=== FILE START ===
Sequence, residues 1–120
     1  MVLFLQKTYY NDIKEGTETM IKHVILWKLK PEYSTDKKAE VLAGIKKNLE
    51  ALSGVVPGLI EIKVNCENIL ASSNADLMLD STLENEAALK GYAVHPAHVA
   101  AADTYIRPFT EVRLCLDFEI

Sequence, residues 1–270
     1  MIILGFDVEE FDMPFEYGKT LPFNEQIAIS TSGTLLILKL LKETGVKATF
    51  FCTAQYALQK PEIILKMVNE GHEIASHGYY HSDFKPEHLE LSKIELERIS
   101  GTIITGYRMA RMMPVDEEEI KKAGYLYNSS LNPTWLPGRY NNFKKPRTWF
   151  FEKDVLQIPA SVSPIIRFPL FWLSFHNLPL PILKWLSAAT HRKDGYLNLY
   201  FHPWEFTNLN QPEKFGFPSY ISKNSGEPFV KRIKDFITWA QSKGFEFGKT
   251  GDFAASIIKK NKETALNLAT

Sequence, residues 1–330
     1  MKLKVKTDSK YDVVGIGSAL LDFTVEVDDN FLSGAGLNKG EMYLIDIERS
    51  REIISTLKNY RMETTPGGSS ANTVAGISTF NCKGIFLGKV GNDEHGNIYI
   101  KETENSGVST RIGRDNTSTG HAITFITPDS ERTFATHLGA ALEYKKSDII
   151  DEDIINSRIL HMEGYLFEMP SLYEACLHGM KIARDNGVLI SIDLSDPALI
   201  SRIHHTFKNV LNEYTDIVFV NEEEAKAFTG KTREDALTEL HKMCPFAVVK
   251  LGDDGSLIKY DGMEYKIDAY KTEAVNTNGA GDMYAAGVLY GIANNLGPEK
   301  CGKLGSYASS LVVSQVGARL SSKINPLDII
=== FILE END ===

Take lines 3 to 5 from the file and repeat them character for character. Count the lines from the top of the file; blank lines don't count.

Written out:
    51  ALSGVVPGLI EIKVNCENIL ASSNADLMLD STLENEAALK GYAVHPAHVA
   101  AADTYIRPFT EVRLCLDFEI

Sequence, residues 1–270